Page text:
set of NL sentences as finite, but whether there is any motivation for
doing so. Lacking a clear motivation for any particular finite bound,
why impose one?
2. yes
3. yes
4. Concomitant with following Chomksy in abandoning the original
comptence/performance distinction is the possibility of treating
different kinds of `performance effects' differently. E.g., the mode
of failure with center embeddings & cross-serial linkages is
structurally much more interesting that the mode of failure with
boring parataxes such as big instances of the schema
 John shouted, (and then somebody else shouted)*
or with edge recursions like big instances of
 (he knows that)* he lies
Emmon Bach has an article in some processing-oriented journal to the
effect that *syntactic* processing of X-serial dependencies crashes
when there are more than two of them: when more complex sequences
are accepted and understood, the processing is actually semantics-
rather than syntax- driven (like what Broca's aphasics do (and, I get
the impression, Roger Schank's computer programs)). If substantiated,
a hard limit of 2 on the syntactic processing of these constructions would
surely be an important clue as to how the mechanisms work, and would
intuitively be on the borderline between competence and performance
in the Aspects framework.
Some of the Ross effects, such as the ATB conditions, might also
fall into this borderline category, approaching it historically from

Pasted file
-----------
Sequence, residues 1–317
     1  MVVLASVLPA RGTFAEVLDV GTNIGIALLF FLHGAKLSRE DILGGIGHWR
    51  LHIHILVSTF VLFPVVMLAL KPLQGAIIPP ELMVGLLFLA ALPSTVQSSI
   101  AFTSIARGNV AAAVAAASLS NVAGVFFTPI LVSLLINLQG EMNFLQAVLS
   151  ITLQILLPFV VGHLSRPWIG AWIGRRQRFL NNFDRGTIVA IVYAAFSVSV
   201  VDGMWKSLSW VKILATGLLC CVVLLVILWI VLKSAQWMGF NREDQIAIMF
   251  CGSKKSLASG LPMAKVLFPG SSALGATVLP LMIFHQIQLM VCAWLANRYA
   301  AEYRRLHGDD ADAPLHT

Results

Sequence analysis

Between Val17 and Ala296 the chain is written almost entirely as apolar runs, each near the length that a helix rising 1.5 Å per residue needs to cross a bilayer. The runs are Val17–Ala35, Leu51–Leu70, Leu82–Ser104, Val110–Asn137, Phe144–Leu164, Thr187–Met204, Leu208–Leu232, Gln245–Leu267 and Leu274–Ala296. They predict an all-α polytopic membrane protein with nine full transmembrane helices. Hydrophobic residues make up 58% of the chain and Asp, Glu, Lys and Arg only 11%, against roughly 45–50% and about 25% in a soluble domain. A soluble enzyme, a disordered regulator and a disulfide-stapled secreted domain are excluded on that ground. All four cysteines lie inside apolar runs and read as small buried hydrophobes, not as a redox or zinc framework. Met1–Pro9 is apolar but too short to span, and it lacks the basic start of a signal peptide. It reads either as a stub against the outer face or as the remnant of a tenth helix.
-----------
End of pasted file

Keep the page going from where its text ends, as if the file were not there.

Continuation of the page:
the other direction. Such borderline cases suggest that maybe the
borders need revision (and, of course, Chomsky has always tried to
get people to study the structure of the actual phenomena rather
than quibble over labels and taxonomies).
5. I like it.
6. Infinite sentence lengths are still not attainable by devices like
us, so I'll continue to urge that they be left out of linguistics.
Of course, maybe, someday, somehow, the math of infinite sentences will
prove relevant for linguistics, but, as things presently stand, I do
not see how the ability to accomodate infinite sentence lengths is any
kind of argument in favor of a linguistic theory with essentially
Chomskyan aims).
 Avery Andrews (ada612csc.anu.edu.au)
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Message 2: Re: 2.678 Infinite Languages

Date: Mon, 21 Oct 91 16:28:40 EDT
From: Henry Kucera <HENRYbrownvm.brown.edu>
Subject: Re: 2.678 Infinite Languages
 Charles Hockett, in his small book "State of the Art," has one chapter on the
 finiteness of languages and the question whether natural languages are well-
 defined objects or not (he concludes the latter). It is a chapter where the
 analogy is made between football vs. baseball and natural languages and the
 conclusion reached that languages are like football (not like baseball where
 the set of possible scores is infinite but enumerable, which is not the case
 in football).
 Just curious: Has anybody read this and are there any opinions? Perhaps there
 are and I have missed the postings in which case I apologize. Thanks.